Carbon steel is the most common type of steel used in fastener production. Grades 2, 5, and 8 are typically the standard for carbon-steel based screws and bolts, with alloyed carbon steel being a higher-end variation on these metals. Their mechanical strength ranges from approximately 50 ksi (kilo-pound per square inch) up to 300 ksi in a finished product.
*Available in inch and metric sizes.
Material properties for these grades include:
Grade 2: This is a low carbon category that features the least expensive, but also least durable, types of steel. Grade 2 material is highly workable, and forms the bulk of steel grade fasteners.
Grade 5: Grade 5 steels are produced from unalloyed medium carbon groups and are usually work-hardened to improve their strength. Core Rockwell hardness C19-C30.
Grade 8: These steels are typically medium carbon alloy. They are work-hardened to a high degree, making them stronger.Core Rockwell hardness C33-C39.
Alloy steel: Alloy steel is steel that has small amounts of one or more alloying elements (other than carbon) such as manganese, silicon, nickel, titanium, copper, chromium or aluminum added.Alloy steel is used mostly for socket products. Brinell hardness is a range depending on the alloying elements mixed in.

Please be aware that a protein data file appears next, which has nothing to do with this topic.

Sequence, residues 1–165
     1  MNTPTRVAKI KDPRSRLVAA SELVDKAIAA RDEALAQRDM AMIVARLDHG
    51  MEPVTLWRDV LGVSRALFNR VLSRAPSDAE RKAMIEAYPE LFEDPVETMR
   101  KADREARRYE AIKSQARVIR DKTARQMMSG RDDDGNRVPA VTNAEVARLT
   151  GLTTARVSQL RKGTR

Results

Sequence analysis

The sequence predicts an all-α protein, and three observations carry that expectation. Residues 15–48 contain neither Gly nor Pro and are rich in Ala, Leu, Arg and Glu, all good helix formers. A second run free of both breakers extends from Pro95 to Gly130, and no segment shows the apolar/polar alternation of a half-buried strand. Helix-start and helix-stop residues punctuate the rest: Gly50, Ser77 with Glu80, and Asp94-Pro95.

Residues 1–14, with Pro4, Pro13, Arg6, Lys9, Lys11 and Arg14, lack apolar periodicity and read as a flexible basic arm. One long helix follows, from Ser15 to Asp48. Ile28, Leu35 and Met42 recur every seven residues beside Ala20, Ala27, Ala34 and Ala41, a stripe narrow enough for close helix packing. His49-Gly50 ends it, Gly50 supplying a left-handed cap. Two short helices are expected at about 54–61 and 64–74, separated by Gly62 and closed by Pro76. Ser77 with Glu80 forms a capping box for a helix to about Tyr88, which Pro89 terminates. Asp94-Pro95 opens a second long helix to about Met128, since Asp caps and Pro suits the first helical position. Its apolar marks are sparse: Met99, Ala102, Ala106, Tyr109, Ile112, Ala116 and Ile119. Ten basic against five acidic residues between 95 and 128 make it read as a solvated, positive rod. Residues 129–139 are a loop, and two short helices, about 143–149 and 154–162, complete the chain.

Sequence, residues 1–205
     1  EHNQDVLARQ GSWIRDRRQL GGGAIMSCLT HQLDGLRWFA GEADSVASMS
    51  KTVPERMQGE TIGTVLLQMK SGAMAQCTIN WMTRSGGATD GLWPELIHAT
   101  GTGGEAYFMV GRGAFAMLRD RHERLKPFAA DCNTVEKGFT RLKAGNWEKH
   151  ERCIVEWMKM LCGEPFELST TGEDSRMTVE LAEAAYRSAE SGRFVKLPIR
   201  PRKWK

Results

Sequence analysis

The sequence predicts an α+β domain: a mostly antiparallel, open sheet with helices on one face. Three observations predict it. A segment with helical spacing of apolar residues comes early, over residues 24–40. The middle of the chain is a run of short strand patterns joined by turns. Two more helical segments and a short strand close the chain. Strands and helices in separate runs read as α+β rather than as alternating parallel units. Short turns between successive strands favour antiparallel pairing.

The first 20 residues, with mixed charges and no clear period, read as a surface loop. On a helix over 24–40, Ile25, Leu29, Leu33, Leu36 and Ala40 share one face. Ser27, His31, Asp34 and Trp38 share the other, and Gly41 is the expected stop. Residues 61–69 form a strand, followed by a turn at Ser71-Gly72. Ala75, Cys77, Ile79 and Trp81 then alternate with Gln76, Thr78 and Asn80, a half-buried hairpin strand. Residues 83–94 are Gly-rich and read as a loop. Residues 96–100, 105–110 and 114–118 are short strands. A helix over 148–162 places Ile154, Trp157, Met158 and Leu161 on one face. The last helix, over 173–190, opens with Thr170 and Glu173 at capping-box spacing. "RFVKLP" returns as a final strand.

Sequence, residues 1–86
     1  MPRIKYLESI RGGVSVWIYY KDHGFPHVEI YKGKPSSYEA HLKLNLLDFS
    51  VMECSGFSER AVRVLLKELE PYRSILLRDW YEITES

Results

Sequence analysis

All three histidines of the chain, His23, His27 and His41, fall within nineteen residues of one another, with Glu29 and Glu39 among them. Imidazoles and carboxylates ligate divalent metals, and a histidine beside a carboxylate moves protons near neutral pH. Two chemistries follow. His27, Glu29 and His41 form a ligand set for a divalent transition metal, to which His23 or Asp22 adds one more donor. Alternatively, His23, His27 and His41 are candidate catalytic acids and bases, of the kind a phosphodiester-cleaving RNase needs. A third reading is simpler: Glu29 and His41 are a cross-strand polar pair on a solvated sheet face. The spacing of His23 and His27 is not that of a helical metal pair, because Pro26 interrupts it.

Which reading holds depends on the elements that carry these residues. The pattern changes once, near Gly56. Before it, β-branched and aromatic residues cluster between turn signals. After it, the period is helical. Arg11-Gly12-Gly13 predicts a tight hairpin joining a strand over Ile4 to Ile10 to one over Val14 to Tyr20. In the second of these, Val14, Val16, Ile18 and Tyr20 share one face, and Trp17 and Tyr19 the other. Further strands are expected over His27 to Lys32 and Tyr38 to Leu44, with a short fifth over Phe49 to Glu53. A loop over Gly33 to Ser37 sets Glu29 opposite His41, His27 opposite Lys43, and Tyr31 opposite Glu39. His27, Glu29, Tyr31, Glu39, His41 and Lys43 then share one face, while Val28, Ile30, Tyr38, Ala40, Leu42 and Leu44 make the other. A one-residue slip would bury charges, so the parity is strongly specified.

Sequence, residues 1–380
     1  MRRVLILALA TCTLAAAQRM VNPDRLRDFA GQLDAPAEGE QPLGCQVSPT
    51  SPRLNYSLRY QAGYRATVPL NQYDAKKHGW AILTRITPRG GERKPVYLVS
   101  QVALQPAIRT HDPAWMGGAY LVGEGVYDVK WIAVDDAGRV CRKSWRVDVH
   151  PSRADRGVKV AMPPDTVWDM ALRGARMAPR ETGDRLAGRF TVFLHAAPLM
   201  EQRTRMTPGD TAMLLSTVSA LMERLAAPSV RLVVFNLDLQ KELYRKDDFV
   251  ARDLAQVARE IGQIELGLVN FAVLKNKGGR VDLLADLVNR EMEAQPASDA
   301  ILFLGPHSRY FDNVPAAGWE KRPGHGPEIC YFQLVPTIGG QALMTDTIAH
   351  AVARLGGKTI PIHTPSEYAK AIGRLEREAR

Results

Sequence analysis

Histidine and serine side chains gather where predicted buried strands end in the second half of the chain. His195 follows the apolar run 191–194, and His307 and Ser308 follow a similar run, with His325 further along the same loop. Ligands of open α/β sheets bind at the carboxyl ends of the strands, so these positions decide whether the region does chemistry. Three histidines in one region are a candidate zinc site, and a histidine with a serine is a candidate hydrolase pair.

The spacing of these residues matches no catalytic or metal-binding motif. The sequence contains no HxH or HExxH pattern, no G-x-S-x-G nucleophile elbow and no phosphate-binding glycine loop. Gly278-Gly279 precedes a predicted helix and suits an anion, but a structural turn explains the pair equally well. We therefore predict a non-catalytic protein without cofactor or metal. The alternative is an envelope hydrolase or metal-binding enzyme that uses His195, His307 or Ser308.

Metric Fasteners follow a different carbon steel grade system.
Class 4.6 & 4.8 are made of low or medium carbon steel.
Class 8.8 is made from medium quenched and tempered carbon steel.
Class 12.9 exceeds grade 8. Made from quenched and tempered alloy steel.
Steel comes in all forms including flat bar, hex bar, round bar, square bar, plate and sheet.
Types of fasteners made with carbon steels:
Carriage bolts, anchor bolts flange bolts, hanger bolts, eye bolts, structural bolts, T-head bolts, sheet metal screws, TEK screws, wood screws, U Bolts, hex nuts, square nuts, wing nuts, washers, lock washers, retaining rings and much more.
Most common carbon steels used in manufacturing metal components are: 1018, 1215, 12L14,1137